Until Dawn: Rush of Blood is a horror rail shooter launch title for PlayStation VR. It begins with a creepy carny warning you about the horrors that lie ahead. Once you ignore his warnings and accept the challenge of going on the ride, the cart you’re sitting on begins to move. As you’re maneuvered through the haunted house shooting ducks and targets with your two BB gun pistols something begins to change. With the flip of a switch the simple carnival ride turns into a fight for your life, putting you on a course through a maze of crazed clowns, demons and possessed hotel guests.
Until Dawn: Rush of Blood Details:
PS Store Page
Developer: Supermassive Games
Publisher: Sony Interactive Entertainment Europe
Available & Reviewed On: PlayStation VR
Release Date: October 13th, 2016
If you’ve ever been on a ride at disney world where you shot targets as you move around on tracks, you essentially know how to play Until Dawn: Rush of Blood. You are placed on a moving cart and must defend yourself from various horrors, in addition to shooting stationary targets around you in virtual haunted houses—it’s literally an ‘on rails shooter’.
The goal of the game is to get your score as high as possible. Hitting smaller targets and shooting enemies in quick succession will earn you more points. Rush of Blood allows players to either choose the PlayStation 4 controller or the PS Move controllers to control their weapons. I chose the Move controllers for my play through, because I found them to be more natural than a DualShock controller.
Shooting the targets at the beginning of the game got me excited for some zombie killing as I tried to rack up my score as high as possible and get a feel for the controls. I enjoyed this part of the game, twisting and turning around, trying to find and shoot every last target before I proceeded to the next room.
Rush of Blood occasionally felt like a roller coaster ride as it dipped and wove through slaughter houses, haunted hotels, and a few other typical haunted locations, which was entertaining at times. The game also had several sections where you have to position your body and head so that it doesn’t get knocked off by objects as you cruise through the level (like low hanging boards). This, accompanied with gunplay, was enjoyable at times but could also be awkward when trying to shoot and dodge at the same time all while trying to face the PS camera for fear of the controllers losing their tracking.
Once the stationary targets turned into enemies that actually attack you, the game took a turn for the worse. I kept waiting for a satisfying blast with a shotgun or long range headshot with the pistol but those experiences never came. Occasionally, you will get lucky and pick off a faraway target or shoot a clown-zombie right before it gets to you and is fairly satisfying, but those instances were few and far between.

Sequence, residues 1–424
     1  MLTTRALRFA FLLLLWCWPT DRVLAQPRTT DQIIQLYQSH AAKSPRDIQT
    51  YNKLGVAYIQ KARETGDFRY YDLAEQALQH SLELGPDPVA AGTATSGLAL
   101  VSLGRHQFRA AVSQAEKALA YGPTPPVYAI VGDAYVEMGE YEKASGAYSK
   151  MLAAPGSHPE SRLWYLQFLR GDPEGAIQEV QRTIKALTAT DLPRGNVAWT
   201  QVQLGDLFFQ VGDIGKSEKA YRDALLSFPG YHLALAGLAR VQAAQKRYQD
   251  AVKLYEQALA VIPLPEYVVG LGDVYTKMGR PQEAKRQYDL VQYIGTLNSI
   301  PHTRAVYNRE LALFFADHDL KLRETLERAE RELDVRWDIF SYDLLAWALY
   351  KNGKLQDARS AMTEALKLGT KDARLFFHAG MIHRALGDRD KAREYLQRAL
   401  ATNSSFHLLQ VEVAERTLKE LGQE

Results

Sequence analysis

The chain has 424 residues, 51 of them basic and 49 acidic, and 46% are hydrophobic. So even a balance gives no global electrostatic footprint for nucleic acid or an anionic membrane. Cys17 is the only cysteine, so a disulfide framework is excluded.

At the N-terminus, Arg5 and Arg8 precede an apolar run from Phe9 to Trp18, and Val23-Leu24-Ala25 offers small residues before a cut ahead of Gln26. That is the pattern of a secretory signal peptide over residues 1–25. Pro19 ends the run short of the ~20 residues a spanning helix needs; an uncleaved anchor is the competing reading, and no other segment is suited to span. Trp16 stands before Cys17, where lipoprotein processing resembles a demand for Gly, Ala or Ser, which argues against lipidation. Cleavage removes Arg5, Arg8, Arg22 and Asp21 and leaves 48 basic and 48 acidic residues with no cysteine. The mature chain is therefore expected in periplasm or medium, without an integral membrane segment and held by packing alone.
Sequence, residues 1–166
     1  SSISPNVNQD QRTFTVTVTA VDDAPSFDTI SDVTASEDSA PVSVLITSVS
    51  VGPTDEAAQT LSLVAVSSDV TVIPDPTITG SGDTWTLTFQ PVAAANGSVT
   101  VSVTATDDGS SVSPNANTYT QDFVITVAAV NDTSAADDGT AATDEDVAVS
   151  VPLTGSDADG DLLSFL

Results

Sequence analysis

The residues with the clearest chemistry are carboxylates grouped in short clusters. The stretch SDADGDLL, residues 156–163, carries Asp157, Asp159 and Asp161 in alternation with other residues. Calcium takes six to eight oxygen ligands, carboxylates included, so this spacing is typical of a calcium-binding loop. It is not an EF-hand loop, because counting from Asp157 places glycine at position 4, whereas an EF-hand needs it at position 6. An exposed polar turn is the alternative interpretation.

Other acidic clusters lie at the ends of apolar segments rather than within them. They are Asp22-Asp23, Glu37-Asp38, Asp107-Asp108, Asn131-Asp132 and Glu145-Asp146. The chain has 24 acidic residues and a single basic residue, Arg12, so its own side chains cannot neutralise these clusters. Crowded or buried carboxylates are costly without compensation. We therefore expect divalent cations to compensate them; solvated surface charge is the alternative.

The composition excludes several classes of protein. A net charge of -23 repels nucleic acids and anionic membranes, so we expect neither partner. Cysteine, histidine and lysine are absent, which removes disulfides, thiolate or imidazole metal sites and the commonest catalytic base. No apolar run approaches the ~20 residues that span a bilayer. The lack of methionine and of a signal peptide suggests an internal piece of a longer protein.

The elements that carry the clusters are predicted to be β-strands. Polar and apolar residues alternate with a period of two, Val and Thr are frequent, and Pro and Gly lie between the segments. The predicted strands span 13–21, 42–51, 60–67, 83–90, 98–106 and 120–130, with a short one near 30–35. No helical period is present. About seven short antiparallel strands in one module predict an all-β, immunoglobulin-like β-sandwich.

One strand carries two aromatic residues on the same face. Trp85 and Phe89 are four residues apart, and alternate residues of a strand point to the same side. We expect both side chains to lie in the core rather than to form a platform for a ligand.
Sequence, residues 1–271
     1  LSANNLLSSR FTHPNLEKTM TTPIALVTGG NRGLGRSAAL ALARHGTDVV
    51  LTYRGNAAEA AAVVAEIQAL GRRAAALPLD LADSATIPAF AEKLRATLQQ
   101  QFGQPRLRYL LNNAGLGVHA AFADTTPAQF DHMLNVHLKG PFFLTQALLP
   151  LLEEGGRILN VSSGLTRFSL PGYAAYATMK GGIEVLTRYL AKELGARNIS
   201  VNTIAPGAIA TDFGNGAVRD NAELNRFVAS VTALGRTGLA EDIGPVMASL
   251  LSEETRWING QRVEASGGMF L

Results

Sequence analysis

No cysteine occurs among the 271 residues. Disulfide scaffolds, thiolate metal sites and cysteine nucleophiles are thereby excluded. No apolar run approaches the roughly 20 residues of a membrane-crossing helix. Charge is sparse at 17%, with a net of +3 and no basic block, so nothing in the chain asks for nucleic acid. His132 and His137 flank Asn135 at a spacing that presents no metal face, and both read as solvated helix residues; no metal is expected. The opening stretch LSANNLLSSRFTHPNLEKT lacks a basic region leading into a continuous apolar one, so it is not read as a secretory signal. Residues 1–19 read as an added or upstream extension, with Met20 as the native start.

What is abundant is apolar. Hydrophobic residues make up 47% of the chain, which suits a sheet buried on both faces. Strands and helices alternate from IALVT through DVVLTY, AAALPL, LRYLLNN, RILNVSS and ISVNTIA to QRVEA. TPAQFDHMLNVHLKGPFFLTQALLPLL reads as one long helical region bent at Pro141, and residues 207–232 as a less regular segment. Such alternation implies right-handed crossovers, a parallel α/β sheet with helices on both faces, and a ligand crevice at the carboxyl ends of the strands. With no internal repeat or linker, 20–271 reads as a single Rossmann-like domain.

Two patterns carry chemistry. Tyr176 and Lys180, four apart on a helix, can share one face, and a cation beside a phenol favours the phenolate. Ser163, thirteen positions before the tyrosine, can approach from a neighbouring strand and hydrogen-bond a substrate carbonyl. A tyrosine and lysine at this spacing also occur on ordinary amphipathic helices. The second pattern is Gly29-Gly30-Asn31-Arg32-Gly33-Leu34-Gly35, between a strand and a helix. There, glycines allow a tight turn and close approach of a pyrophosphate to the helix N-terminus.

One of the things that Rush of Blood does right is the level design. The seven different levels are fairly unique and each have their own flair to them. One level has you swerving through a slaughter house of squealing pigs evading saw blades as you weave along the path.
The game is fairly immersive to start and really had me believing that I was on a carnival ride shooting at ducks, boxes, and clowns; as the game introduced the “real” enemies the immersion took a hit.
The first time I picked up the upgraded pistol and leveled it at a demonic clown I was excited; I grinned and pumped him full of rounds as he manically ran towards me. The lack of fluid animations when I killed him made me think that the game had actually glitched; the clown was instantly knocked over and on the ground. As I killed more and more enemies it was clear that this was just how the deaths were animated; I was constantly reminded me that this was just a game on a screen.
There were a few times where the jump scares got me and made me gasp. But, that’s a reaction ingrained in everyone. I jumped not because the developers had built up a level of suspense and then reached a climax with something terrifying. I never felt deep fear or felt like my life was in danger like I’ve experienced with some other horror games; Rush of Blood relied on the instinctual response to a loud noise and a monster two inches from my face.
The comfort level varied throughout Rush of Blood. There were times when I felt completely comfortable and the motion controls worked perfectly but there were other times when felt a slight nausea as the cart ripped around turns. At times the tracking on the controllers would sometimes malfunction and made it feel like I had short dinosaur arms.
This unpredictable level of comfort made me uneasy. Wondering when the nausea would set in or when the controls stutter was frustrating. I understand that the controllers going awry might be a hardware issue, but a developer needs to design their game with the system’s limitations in mind. Given that controller stuttering can be seen clearly in the launch trailer, it seems clear that the developers were aware.